Blood Test for Parkinson's Disease

Travis Cook

Travis Cook in the lab. Photo: Elizabeth Sharpe

Travis Cook is on a fishing expedition, but a different one from his winters of ice-fishing home in Minnesota. With Professor Jing Zhang (Department of Pathology) and Fred Farin (director of the Functional Genomics Laboratory), the fourth-year Toxicology PhD student is screening donated plasma from patients diagnosed with Parkinson’s disease and from welders who have a motor coordination disorder called parkinsonism with symptoms similar to Parkinson’s.

Cook’s research will help find biological markers that provide doctors with an objective tool to evaluate patients and that may indicate whether treatment is effective.

The first challenge is to locate biomarkers for Parkinson’s disease. No easy task. The disease originates in the brain, and definitive diagnosis can only be made post-mortem. Therefore, researchers must find a “surrogate” marker that accurately represents what is happening in the brain. Second, “Parkinson’s disease is progressive,” Cook explains, meaning it has evolving biomarkers. He is fishing for a match in the plasma proteome, a complicated soup containing thousands of proteins. Amidst all these potential targets, Cook must identify the right fingerprint: a unique set of proteins that have been modified chemically by Parkinson’s disease. Ideally, the combination will be distinct from the same set in healthy individuals, in people diagnosed with Alzheimer’s disease, and welders with parkinsonism.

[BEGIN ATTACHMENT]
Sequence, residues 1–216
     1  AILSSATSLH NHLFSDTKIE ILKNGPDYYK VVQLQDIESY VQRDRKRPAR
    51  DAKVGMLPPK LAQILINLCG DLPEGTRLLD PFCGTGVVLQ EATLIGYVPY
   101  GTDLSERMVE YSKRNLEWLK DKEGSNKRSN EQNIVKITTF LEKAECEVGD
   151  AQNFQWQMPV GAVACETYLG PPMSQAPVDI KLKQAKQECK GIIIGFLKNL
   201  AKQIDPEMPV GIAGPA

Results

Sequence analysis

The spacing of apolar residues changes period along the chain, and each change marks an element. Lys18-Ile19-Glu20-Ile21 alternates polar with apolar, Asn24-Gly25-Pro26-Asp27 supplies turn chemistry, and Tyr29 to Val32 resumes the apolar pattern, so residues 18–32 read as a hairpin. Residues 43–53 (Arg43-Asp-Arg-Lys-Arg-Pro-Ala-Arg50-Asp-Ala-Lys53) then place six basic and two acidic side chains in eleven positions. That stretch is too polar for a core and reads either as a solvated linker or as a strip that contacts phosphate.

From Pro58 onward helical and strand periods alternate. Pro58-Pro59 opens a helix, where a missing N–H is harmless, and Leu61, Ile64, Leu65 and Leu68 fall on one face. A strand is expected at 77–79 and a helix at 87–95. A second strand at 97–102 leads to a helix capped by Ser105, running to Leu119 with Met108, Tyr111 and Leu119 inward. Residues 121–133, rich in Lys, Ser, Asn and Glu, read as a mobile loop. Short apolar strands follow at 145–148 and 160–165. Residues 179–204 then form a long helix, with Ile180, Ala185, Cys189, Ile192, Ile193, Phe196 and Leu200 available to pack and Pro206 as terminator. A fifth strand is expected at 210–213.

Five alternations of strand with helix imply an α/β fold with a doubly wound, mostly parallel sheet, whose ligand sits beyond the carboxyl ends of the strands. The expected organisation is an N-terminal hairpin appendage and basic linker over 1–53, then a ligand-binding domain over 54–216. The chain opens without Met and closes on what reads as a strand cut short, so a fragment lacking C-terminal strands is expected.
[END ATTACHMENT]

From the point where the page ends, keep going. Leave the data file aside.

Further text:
To find Parkinson’s particular fingerprint, Cook and Zhang work with plasma from individuals in early to late stages of the disease. As the disease progresses, the pattern of chemical modifications should grow stronger. Initial results using protein microarrays are promising.